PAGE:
I was uplifted by the introduction to this book which was addressed to parents. It highlighted key areas of concern for many parents including handling painful or missing birth history, an issue of particular relevance to me and my daughter, however the American model of adoption and the concept of children being ‘given up’ by birth families as opposed to being ‘removed’ from them, would possibly make it necessary for many adopters who have adopted within the UK to consider how they can rephrase aspects of this book to make it relevant to their children’s history and sensitive to their needs.
From a personal perspective If I am to claim ‘all parts of my child’ including her birth family, I have to be constantly mindful of developmental trauma, as references to her birth family consistently trigger that trauma, which means I have to hold onto this fact when responding to her questions. For example aunt grace (a character in the book who visits the family, but unbeknown to the little girl is expecting a baby) would not turn up to our house with her big tummy without my daughter having been prepared for that. Pregnant ladies are another big trigger for my little one. In the book, when the little girl sees her she is surprised at her ‘watermelon’ tummy but is very excited at the prospect of a new baby.
From a broader perspective however, I really liked the explanation of how the baby grows in the womb and the lovely illustrations which my daughter would enjoy. It just saddens me that mine and other people’s families have such difficult early histories within them that we cannot simply share a lovely book like this without considering the implications.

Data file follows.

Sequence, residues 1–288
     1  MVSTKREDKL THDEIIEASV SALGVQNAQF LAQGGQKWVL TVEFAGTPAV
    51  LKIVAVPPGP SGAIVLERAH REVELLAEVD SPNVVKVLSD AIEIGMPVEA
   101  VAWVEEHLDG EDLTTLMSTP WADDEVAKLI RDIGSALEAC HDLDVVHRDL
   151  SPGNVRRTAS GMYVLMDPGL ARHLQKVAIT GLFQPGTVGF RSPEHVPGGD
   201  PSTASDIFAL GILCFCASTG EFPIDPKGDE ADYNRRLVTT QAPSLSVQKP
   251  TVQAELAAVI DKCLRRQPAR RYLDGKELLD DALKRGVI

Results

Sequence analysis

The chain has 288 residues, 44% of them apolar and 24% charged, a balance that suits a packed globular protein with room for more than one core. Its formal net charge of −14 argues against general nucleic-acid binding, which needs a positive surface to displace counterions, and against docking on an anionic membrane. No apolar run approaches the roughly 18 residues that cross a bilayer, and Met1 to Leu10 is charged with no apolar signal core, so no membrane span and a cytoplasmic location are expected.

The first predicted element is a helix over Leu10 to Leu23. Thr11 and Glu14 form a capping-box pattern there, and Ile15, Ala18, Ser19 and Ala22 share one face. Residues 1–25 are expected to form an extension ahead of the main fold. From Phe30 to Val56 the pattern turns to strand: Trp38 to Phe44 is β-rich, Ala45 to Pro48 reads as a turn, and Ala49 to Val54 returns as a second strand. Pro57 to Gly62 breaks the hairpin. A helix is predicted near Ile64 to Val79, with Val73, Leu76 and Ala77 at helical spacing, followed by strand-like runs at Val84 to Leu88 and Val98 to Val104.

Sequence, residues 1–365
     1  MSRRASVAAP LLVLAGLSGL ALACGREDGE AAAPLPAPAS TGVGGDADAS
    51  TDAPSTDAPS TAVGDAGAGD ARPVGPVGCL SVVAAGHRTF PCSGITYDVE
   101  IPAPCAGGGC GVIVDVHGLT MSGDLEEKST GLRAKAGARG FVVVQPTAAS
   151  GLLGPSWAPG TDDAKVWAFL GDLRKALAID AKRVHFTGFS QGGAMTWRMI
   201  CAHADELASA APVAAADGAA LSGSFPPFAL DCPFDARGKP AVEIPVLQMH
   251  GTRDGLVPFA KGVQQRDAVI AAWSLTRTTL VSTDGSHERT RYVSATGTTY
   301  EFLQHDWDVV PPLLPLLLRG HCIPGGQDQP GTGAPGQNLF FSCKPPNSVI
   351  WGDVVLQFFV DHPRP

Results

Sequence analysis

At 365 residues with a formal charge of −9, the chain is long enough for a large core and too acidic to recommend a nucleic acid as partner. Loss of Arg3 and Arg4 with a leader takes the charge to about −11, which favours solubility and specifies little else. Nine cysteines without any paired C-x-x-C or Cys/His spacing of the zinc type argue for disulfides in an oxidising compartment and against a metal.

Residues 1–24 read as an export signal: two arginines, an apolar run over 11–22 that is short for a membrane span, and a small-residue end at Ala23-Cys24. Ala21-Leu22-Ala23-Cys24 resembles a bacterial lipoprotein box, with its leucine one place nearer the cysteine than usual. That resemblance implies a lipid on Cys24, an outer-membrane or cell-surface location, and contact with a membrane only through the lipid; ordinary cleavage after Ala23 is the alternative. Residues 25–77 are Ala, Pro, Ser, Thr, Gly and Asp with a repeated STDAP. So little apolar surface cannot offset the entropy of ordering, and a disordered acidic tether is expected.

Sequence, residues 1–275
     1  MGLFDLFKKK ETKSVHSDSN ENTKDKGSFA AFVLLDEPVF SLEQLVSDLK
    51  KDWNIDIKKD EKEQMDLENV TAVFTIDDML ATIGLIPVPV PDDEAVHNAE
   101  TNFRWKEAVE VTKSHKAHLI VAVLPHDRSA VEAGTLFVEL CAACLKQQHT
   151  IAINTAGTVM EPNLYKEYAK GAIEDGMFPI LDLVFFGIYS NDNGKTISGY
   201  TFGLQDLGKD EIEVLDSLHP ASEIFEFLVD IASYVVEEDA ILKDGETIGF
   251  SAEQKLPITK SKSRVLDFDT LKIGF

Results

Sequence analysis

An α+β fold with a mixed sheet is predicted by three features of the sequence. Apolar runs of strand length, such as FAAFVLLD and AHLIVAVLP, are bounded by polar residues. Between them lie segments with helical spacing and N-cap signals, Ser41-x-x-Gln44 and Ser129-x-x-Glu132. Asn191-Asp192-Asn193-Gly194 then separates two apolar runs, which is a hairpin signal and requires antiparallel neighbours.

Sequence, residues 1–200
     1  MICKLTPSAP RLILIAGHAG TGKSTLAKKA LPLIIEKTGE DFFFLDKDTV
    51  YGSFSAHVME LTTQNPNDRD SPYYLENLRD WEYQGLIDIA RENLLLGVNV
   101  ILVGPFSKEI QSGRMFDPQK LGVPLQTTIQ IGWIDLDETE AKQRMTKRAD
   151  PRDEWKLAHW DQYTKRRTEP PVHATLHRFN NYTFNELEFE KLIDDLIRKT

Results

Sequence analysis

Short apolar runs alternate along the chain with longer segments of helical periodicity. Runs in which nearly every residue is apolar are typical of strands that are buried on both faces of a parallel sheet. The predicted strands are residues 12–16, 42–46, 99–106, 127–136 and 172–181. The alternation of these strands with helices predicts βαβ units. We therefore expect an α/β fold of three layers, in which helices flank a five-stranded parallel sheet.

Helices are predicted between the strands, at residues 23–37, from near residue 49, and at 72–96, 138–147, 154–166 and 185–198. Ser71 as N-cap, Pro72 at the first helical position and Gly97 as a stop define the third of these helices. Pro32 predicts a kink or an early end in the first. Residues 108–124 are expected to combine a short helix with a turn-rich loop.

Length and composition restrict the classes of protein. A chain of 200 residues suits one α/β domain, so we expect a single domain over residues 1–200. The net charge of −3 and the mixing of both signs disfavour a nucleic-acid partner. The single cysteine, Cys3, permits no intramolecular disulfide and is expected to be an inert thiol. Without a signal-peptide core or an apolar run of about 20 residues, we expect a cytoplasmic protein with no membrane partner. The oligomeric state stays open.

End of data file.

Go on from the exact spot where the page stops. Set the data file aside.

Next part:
I would recommend this book as the premise (that there are very specific aspects to ourselves that are unique but tie us to our birth family) is a really useful one and could be extremely helpful for children adopted within the UK, if introduced by parents and interpreted with the needs of that child in mind.
I think as an age range, age 5 upwards would be appropriate, by then children are using finger prints in play and can distinguish the patterns within them. I imagine older children approximately 8 years plus who have a deeper level of self awareness and have an emerging self identity could gain from this book too. I understand this can be a particularly tricky age for adopted children so the premise of this book could be useful for that age group.
It is a hard backed book and could be revisited many times at different developmental stages and still hold relevance. From this point of view it is worth the price.
Forever Fingerprints is available to buy here.
Today’s reviewer was not paid for this post, but did receive a free copy of the book.